Sunday is living up to its name. Unfortunately, those with allergies and asthma may have difficulty rejoicing. The late start to spring has sent weeds into a frenzy and all my tulips are blooming simultaneously, whether or not they are early, mid or late season bloomers (as advertised).
Last night when they stopped by, my daughter pulled out her inhaler (she’s had asthma all her life) and began pumping, so I spoke with my SIL Bill about his pond. He has stocked the pond on his farm with fish, an a few years ago, he imported 50 bullfrog tadpoles, who have matured and are mating like crazy. He says since he built the pond, other kinds of frogs and turtles have migrated to what is a nice spring-fed old timey fishing hole.
I got to thinking about frogs again because one of my blogging friends, Michelle, over at Nature Notes http://ramblingwoods.com wrote a nice post about them a day or two ago. You can find the link to her site in my Blog list to the left or click on the link above which hopefully will work. I love reading Michelle’s blog because I am a nature aficionado from way back.
As my Dad was an Eagle Scout and had a degree from the University of Michigan in what some call Ecology today, (School of Forestry and Soil Conservation), and Grandpa S was in John Muir’s generation (Muir, a well-known naturalist, taught at Wisconsin), I think its in my genes.
I continue to investigate Dad’s Mom’s branch of the family tree. I ceased looking at Grandma Schmidley’s Mom’s family…for a while, because I don’t speak German and she was born in Prussia in 1860. I have been working on Grandma’s father’s family tree (Herbert Nichols), which goes back to the founding of the Massachusetts Bay Colony in the seventeenth century.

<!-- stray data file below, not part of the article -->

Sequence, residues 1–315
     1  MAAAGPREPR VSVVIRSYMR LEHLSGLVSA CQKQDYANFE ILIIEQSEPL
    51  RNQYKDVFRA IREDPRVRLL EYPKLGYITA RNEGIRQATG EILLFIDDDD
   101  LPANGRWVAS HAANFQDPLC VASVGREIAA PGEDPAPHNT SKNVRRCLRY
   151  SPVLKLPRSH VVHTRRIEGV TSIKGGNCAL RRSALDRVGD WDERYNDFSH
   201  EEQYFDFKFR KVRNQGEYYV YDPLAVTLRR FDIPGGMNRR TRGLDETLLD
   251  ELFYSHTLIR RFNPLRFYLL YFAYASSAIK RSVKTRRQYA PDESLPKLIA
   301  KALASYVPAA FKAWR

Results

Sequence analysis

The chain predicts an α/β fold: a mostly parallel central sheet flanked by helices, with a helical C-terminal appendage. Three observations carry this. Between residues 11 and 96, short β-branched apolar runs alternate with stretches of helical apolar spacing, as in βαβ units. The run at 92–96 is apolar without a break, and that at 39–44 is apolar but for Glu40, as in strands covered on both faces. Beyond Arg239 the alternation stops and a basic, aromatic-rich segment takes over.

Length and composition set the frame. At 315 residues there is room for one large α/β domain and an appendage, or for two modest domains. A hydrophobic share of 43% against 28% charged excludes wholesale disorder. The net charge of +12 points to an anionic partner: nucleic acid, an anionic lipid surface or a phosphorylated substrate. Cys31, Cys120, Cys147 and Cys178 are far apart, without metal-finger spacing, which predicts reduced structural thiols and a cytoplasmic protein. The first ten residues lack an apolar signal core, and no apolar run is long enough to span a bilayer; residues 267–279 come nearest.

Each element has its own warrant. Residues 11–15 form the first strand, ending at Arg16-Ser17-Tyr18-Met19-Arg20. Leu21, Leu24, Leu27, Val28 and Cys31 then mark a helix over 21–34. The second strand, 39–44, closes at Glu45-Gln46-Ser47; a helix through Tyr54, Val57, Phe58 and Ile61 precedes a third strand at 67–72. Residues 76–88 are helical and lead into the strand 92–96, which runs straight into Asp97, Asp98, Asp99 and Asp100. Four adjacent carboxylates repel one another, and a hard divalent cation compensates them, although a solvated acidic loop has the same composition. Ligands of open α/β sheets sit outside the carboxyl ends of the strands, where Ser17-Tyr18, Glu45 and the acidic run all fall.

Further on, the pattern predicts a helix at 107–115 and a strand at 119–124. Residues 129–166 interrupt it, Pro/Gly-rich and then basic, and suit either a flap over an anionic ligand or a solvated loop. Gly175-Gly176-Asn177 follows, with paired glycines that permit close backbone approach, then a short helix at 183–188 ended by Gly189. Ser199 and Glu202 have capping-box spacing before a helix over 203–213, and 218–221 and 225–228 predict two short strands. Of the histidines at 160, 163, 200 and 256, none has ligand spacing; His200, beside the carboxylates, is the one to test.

So far, I am working on records of 9th and 10th great-grandparents…all of whom migrated from England. As they are part of the Great Puritan Migration (1620-1640 or 1630-1650) https://www.nmc.edu/tgordon/storyofus/hst111/4_newe-england/great-puritan-migration.html, these migrants came from areas outside London..towns and villages once the stronghold of Cromwell’s forces.
Yesterday, I stumbled onto one A. Cromwell, who some of my fellow tree builders said “must be Cromwell’s daughter.” Cooler heads prevailed, however, and corrected the erroneous path. Seems she is the daughter of a miller from Ealing who was in the first wave of Puritans. As one descendent put it, “I would rather be the descendent of a humble miller from Ealing than one of the ‘other’ Cromwells.”
Now if you know your history, you know that although Oliver is considered a hero in some quarters, he is viewed as extremely wicked by others.
Now, as it is so beautiful outside, and I walked my dogs earlier, I m going to make myself a nice cup of tea and curl up with the Sunday paper, followed by my neglected book.
This post will be linked to Michelle’s Nature Notes.